This hearing will examine the Commercial Space Launch Competitiveness Act signed into law in November 2015, potential regulatory barriers to address in future legislation, and ways to expand commercial opportunities for American firms in space.
• Mr. Robert Bigelow, Founder, Bigelow Aerospace
• Mr. Rob Myerson, President, Blue Origin
• Mr. George Whitesides, CEO, Virgin Galactic
• Mr. Andrew Rush, CEO, Made in Space
* Witness list subject to change
Wednesday, April 26, 2017
Subcommittee on Space, Science, and Competitiveness
This hearing will take place in Russell Senate Office Building, Room 253. Witness testimony, opening statements, and a live video of the hearing will be available on www.commerce.senate.gov.
In what is likely a surprise to no one, United Launch Alliance’s CEO said this week the company is leaning toward selecting Blue Origin’s BE-4 engine in the first stage of its new Vulcan rocket — providing upcoming engine tests go well.
That would leave rival Aerojet Rocketdyne and its AR1 engine without a booster to fly on.
In an interview during the 33rd Space Symposium here, Tory Bruno said that tests of the BE-4 engine, scheduled to begin “very soon” at Blue Origin’s test site in West Texas, are the last major hurdle the engine must clear before ULA decides to use it on Vulcan.
WASHINGTON, DC (NAA PR) — The National Aeronautic Association (NAA) announced last evening at their Spring Awards Dinner that the Blue Origin New Shepard has been named as the recipient of the 2016 Robert J. Collier Trophy “… for successfully demonstrating rocket booster reusability with the New Shepard human spaceflight vehicle through five successful test flights of a single booster and engine, all of which performed powered vertical landings on Earth.”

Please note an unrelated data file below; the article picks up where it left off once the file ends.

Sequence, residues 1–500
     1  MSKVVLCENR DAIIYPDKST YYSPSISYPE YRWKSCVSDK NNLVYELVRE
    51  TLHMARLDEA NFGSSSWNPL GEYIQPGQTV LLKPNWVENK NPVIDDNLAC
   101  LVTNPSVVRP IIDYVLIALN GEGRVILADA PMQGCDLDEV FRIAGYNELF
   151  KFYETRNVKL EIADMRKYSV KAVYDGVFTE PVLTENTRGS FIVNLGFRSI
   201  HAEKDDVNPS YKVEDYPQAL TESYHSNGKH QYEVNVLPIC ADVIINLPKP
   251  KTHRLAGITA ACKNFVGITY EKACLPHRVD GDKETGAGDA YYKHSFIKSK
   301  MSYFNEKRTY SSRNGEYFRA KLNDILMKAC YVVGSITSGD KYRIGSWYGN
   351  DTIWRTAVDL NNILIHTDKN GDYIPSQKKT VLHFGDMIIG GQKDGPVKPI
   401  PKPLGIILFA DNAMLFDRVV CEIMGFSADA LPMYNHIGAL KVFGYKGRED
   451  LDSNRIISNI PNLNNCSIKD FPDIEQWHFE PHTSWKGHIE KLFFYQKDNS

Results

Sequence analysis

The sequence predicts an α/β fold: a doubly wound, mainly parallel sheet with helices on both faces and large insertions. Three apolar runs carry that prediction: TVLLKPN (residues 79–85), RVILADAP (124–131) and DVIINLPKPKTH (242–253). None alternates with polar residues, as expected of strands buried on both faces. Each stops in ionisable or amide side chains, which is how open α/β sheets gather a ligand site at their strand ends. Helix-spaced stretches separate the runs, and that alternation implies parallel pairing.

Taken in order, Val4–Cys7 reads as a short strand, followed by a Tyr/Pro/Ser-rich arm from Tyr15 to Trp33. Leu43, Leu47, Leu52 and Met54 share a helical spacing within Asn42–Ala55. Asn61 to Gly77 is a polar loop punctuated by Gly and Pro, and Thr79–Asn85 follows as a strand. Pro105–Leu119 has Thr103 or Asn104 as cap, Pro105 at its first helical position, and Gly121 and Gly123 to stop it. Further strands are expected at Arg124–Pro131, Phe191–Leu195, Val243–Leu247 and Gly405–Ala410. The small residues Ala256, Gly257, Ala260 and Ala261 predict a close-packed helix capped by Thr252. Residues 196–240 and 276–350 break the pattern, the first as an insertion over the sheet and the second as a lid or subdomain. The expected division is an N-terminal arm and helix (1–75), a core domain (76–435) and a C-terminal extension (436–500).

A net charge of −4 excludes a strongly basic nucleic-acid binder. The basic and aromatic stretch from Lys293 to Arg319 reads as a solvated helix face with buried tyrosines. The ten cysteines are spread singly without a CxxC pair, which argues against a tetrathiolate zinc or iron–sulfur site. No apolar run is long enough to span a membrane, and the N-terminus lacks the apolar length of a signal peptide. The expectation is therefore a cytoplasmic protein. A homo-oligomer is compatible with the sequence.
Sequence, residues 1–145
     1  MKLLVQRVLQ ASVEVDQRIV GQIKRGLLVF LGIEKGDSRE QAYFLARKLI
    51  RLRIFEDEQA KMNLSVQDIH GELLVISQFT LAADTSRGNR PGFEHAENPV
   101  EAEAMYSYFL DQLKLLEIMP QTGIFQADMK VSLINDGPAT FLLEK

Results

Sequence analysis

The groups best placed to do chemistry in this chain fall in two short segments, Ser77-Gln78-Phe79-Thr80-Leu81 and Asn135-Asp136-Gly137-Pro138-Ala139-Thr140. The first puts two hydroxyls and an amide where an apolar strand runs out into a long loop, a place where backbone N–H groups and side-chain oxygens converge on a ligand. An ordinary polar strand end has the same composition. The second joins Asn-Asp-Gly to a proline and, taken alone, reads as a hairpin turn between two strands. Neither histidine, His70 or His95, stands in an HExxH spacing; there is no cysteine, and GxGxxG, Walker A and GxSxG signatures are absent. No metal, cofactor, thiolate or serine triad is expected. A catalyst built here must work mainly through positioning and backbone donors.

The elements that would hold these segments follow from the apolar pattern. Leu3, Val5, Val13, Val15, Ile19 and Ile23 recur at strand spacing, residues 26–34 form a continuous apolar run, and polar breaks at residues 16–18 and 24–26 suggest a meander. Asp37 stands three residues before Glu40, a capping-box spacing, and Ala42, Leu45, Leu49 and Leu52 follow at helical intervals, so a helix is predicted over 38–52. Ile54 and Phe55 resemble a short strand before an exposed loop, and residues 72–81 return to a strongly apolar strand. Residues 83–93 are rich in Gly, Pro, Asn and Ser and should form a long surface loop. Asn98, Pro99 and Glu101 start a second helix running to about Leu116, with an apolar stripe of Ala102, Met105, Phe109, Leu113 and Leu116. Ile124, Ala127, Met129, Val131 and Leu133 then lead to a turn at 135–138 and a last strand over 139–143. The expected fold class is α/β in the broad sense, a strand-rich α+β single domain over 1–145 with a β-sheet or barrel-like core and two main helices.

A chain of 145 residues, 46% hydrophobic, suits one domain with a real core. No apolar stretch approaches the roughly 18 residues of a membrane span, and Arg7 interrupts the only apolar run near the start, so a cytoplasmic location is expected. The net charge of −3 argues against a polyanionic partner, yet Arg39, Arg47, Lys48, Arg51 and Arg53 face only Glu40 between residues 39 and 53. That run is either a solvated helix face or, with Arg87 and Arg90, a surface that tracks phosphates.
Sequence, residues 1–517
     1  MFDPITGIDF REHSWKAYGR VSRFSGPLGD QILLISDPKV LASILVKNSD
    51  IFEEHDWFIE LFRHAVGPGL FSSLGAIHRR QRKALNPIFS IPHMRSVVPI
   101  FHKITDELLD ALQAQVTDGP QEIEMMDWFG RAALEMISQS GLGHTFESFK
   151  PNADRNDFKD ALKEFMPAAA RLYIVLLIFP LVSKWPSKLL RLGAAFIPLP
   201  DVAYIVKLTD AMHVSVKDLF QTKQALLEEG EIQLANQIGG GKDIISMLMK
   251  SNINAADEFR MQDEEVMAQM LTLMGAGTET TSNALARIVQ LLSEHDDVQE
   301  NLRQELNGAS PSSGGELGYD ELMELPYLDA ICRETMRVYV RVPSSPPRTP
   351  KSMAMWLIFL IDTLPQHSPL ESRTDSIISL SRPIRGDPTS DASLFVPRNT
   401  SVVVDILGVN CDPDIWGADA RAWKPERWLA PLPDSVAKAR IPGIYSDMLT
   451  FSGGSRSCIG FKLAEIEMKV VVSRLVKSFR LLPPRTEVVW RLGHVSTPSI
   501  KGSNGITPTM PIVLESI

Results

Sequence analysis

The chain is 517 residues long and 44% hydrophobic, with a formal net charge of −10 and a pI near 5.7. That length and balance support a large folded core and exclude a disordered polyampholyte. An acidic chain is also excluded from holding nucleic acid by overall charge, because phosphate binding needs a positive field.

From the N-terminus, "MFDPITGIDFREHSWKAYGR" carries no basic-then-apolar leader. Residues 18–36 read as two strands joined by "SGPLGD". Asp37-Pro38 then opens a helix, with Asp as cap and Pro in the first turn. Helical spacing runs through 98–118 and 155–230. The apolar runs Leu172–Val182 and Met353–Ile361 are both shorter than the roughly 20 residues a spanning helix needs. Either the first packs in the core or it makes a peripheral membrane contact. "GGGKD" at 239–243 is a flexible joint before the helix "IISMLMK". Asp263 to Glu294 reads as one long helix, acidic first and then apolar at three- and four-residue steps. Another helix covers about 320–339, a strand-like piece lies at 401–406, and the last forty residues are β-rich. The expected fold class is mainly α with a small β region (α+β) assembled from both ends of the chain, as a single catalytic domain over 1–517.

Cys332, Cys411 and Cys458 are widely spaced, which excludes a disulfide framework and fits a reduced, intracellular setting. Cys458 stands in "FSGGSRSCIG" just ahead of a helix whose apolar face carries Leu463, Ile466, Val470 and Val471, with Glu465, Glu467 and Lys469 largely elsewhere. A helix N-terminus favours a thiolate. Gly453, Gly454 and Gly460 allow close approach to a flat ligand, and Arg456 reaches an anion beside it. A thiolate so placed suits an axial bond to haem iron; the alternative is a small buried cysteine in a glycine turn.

Our New Shepard flight test program is focused on demonstrating the performance and robustness of the system. In parallel, we’ve been designing the capsule interior with an eye toward precision engineering, safety, and comfort. Here’s a sneak peek.
If you happen to be attending the 33rd Space Symposium in Colorado Springs April 3-6, come see this for yourself. The high-fidelity capsule mockup will be on display alongside the New Shepard reusable booster that flew to space and returned five times.
By Steven Siceloff,
NASA’s Kennedy Space Center, Florida
NASA recently marked a decade since it began a new era in commercial spaceflight development for low-Earth orbit transportation. The space agency inked agreements in 2006 to develop rockets and spacecraft capable of carrying cargo such as experiments and supplies to and from the International Space Station.
By Jeff Bezos
Although the BE-4 turbopump is smaller than your refrigerator, it generates 70,000 horsepower from a turbine running at nearly 19,000 revolutions per minute that pumps cryogenic propellants to pressures just under 5,000 pounds per square inch. To react the forces generated by the rotating turbine and impellers inside the pump, production rocket turbopumps to date have used traditional ball and roller bearings. For BE-4, we’re doing something different – we’re using hydrostatic bearings.
KENNEDY SPACE CENTER, Fla. (NASA PR) — The portfolio of NASA’s Kennedy Space Center will soon include large-scale satellite manufacturing following Thursday’s groundbreaking for a 150,000-square foot spacecraft factory in the center’s Exploration Park.